But return flounders because it depends on countries agreeing to accept back their citizens and many are unwilling to do so. In addition, there are many who cannot be returned. With this focus on return policy-makers create public expectations that can never be met. Return is for those who do not have the right to stay. But the anti-migration segments of the population to which politicians are pandering expect that “everybody” will be returned and are then angry when they see people they assume to be irregular migrants. But people’s status (citizen, refugee, “failed asylum-seeker”, “illegal migrant”) is not stamped on their forehead (yet) and those they object to will always be there because many are as European as they are.
One major problem in the latest round of initiatives is that Italy is lost for now: the failure to propose substantive reform of the Dublin system in 2016, combined with the constant, often unfair attacks on Italian management of migration by northern Europeans, means that there is no willingness to compromise or even to negotiate. These are also the reasons why the particularly alarming governing coalition is in place – and why there is now deep hostility towards the EU among progressives in local and national politics and institutions, and among those working on refugee and migrants’ rights. The Commission and Member States, including Germany are reaping what they have sown.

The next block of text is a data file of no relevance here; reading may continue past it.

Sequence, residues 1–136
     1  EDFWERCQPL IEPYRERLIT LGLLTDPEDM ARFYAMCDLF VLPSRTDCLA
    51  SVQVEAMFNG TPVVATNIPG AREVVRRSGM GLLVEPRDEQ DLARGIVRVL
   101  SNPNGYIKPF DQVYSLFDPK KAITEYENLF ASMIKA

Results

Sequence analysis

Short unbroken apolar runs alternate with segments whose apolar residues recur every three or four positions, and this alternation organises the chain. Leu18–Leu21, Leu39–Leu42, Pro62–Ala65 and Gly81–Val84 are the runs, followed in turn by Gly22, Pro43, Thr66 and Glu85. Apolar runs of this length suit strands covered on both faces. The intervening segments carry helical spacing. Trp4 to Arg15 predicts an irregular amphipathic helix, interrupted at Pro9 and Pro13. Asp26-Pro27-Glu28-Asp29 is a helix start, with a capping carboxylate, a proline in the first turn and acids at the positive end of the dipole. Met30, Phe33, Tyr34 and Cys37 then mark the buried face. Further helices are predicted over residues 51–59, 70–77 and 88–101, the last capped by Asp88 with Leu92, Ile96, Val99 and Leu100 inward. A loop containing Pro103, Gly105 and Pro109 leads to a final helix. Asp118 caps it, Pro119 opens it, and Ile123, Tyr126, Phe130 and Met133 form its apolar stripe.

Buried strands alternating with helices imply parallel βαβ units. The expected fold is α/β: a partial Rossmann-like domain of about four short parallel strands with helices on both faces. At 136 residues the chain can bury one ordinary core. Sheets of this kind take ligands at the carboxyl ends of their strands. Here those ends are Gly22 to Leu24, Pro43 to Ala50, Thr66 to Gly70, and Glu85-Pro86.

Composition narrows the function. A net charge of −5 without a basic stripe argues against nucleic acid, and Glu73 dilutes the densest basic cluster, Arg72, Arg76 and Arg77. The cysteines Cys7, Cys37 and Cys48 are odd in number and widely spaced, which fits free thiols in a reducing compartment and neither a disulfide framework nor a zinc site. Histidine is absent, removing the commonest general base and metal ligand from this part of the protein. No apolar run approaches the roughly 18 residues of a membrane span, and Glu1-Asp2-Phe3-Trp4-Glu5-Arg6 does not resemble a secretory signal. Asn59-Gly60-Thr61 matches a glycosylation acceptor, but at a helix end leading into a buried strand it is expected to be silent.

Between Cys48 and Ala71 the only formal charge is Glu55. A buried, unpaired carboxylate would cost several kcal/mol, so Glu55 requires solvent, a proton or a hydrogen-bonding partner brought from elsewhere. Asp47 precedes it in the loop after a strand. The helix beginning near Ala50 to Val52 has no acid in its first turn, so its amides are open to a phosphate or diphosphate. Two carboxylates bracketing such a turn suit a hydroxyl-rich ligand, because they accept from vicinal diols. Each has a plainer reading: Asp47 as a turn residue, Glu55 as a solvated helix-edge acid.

In short, it is a right bloody mess. Two years of tortuous negotiations on proposals that didn’t address the fundamental flaws of the system and were from the beginning too focused on blocking access to asylum in Europe. Civil society, local governments, cities, business, and some few political leaders will continue to argue for real alternatives: a functioning asylum system in Europe; massive expansion of the promising safe and legal channels for refugees (and legal migration/regularization for others); global responsibility sharing and tackling the real causes of forced displacement; and integration of refugees in Europe through access to rights. Unfortunately, at the high political level they remain in externalization fantasy land.
By Catherine Woollard, Secretary General for the European Council on Refugees and Exiles (ECRE)
Photo: (CC) Olivier ROUX, August 2007